Everyone can get on the Zugspitze in seven minutes by cable car – even in flip-flops and dresses. If you climb up to the highest mountain in Germany on foot, it will take you seven to eight hours -during which they experience the mountain in all its beauty.
It takes seven to eight hours to get to Zugspitze on foot.
Done! The hikers fall into their arms. The last climb was not without difficulty. They have been firmly attached to the wire rope the whole time. Now they recover, are relieved. Although every year thousands of climbers climb the Zugspitze – the personal triumph is the most beautiful, and most want to share it then directly by phone with the family.
But Reinhard Spielmann, called Reini, the mountain guide, is getting restless. “You can do that later. Now it’s time to get up to the summit, otherwise the rush will be too big. “They stand on the concrete platform, but the summit cross is a few meters away – and a few meters higher.
Reini anticipates: with a mountain guide you conquer the Zugspitze on a safe path
From up here, the mountaineer sees around 400 Alpine peaks, including the Grossglockner and the Piz Bernina. When the weather is clear, visibility is 250 kilometers. Even the TV tower in Munich comes into focus with Föhn. But the big concrete plateau itself is not that idyllic. Tourists who come up with the cable car sometimes wonder where shortly after 9 o’clock suddenly people come in heavy mountain climbing boots. The railway has only 20 minutes before bringing the first day guests on Germany’s highest mountain.
It is easy to take the cable car up to the Zugspitze – in seven minutes you are on top. Climbers treat themselves to the luxury on the way back
Around half a million guests per year bring the Zugspitze Railway in a few minutes to the summit. “Yeah, are you up there?” This question is in many glances. Reini says: “Go!” Is breathed later. Now it’s time to cross over to the summit cross.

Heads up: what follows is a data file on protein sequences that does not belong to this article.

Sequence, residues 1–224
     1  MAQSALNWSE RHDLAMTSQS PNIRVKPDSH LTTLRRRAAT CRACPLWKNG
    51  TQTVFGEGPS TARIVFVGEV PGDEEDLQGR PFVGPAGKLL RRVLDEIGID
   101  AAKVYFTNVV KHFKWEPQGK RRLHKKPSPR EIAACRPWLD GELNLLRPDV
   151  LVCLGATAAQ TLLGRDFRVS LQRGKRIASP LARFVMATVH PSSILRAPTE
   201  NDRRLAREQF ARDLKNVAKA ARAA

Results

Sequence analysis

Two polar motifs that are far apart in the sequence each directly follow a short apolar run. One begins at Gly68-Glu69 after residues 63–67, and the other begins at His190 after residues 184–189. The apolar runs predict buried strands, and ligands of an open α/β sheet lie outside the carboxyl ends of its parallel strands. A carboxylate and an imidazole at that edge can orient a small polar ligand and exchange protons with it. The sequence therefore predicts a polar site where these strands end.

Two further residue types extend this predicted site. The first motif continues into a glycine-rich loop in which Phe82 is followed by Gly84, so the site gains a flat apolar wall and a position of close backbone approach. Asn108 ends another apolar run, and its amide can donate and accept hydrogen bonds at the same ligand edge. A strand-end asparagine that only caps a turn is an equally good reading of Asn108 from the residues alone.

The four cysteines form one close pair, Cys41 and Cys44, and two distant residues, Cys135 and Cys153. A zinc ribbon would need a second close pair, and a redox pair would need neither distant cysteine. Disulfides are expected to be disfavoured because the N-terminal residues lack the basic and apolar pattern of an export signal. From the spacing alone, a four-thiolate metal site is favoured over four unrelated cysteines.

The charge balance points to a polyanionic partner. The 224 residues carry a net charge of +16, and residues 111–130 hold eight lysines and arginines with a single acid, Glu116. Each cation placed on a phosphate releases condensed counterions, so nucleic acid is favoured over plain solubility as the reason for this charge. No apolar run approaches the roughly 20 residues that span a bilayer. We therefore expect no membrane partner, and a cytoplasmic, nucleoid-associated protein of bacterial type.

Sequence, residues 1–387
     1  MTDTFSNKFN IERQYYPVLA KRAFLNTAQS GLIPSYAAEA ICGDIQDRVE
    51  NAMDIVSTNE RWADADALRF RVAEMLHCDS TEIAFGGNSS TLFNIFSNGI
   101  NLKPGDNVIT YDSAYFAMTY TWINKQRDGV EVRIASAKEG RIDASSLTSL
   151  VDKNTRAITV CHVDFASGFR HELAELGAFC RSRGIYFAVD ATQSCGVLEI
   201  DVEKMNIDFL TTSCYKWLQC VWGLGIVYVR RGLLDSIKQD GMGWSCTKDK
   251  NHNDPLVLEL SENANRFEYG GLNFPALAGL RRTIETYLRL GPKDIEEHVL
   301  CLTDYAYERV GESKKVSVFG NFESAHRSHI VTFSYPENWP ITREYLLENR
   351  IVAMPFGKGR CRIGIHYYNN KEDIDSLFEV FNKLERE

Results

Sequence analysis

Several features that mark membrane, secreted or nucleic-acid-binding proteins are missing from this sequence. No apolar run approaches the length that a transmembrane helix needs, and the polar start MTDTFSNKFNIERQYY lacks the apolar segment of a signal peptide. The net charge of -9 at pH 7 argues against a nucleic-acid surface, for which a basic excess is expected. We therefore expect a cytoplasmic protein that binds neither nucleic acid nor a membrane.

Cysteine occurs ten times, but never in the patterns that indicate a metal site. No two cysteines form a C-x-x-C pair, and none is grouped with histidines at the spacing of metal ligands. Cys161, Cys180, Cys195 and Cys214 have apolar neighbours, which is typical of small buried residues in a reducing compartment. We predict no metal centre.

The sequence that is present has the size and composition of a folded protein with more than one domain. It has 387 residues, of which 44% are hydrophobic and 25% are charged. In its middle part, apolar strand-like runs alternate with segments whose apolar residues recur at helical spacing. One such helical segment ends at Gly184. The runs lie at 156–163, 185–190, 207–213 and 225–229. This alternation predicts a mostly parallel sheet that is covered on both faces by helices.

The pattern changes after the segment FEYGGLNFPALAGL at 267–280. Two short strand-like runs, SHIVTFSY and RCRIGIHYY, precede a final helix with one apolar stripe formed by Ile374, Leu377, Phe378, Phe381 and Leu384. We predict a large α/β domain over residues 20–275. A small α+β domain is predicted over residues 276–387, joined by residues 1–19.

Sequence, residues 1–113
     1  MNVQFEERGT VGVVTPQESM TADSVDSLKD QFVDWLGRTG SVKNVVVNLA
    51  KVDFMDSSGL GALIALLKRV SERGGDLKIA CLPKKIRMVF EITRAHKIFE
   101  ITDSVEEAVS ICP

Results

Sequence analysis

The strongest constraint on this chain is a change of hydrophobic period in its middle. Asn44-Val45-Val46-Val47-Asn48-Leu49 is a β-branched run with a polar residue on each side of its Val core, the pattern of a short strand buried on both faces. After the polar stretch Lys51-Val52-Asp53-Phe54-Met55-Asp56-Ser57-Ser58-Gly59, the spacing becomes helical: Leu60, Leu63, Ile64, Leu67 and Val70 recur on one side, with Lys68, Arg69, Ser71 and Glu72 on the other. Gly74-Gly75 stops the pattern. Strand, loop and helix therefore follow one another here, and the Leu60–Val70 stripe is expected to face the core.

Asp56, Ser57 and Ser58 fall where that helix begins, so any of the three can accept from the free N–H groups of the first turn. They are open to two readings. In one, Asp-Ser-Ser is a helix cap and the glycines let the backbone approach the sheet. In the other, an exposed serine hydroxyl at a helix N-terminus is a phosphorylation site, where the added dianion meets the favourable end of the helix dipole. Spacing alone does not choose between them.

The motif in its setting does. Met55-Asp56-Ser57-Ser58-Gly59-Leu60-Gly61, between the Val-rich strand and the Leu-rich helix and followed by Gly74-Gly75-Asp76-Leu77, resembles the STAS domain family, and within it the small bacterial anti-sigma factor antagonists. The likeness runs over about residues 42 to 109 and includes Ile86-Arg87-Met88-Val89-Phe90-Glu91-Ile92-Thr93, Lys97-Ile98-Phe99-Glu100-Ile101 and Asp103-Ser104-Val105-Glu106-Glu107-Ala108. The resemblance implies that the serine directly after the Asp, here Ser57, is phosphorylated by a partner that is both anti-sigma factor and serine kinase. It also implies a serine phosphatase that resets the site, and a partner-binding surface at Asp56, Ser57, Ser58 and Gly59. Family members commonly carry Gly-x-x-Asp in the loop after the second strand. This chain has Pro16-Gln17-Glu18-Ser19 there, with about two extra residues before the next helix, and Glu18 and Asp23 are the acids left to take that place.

The destination beckons: The summit cross on the Zugspitze is still a few meters away from the viewing platform and must also be climbed.
Reini pushes open a door on the edge of the platform. A hiker stares at a meter-high shield, which warns: “Attention. Here you leave the secured area “and” Alpine dangers “. Only missing skulls. A ladder sticks to the rock, left and right it goes downhill for hundreds of meters.
The defiant look on Reini’s face says something like, “I’m here. Nothing can happen there. “The knees are still buttery soft. But then the last meters are pulled through.
Hiking guide Reini points to the goal: there we want to go. The ascent can take up to eight hours
At the top pictures are taken. “Before the last piece I had quite a respect,” says one. Reini grins. “That’s what I’m saying. Man, supa he raised the g’mocht! Reschpekt. ”
An ascent of the Zugspitze is conditionally demanding, but technically veryfeasible – if you choose the right path. Anyone who ascends with a mountain guide like Reini is on the safe side. The summit can be climbed four ways.
One of the easier variants leads from the Austrian side from Ehrwald over the “Gatterl” to the Knorrhütte, where you can spend the night before heading to the summit.
The Knorr hut serves as a night camp. After a few hours of sleep, it will continue in the early morning
After a snack with coffee, pretzel and white sausage in the “Munich House” it goes down again. By cable car, in seven minutes. At the foot of the Zugspitze, the head is put back in the neck. “Up there we were? Krass! “, Says one of the summiteers.
Mountain with two sides: At the Gatterl, hikers cross the border between Austria and Germany
These 4 routes lead to the Zugspitze
1. Reintal-Route: From Garmisch-Partenkirchen through the Partnachklamm over the Reintalangerhütte (1370 meters) and Knorrhütte (2052 meters) to the station “Sonnalpin”. If you are exhausted, you can take the train from here or else continue on foot to the summit. 2300 vertical meters, 21 kilometers, accommodation possible. Easy way, but it pulls out pretty well.
2. Gatterl route: From Ehrwald in Tyrol on an insured path via the border crossing at “Gatterl” via Knorrhütte to the summit. 2100 vertical meters, 14 kilometers, accommodation possible.
3. “Stopselzieher” route: Climb to the Wiener Neustädter Hütte (2213 meters), then via ferrata. 2012 altitude difference, overnight stay possible. Shortest climb, but via ferrata equipment necessary.
4. Höllental Route: Via the Höllentalanger Hut (1387 meters), continue on a glacier and then via ferrata to the summit. 2200 vertical meters, 9 kilometers. Most demanding route, often only possible with rope and crampons.
Best time to travel: The high season for climbing the Zugspitze is in the summer months from June to September. Caution: In early and late summer, it may snow at higher altitudes. Some routes – for example through the Höllental – become much more difficult.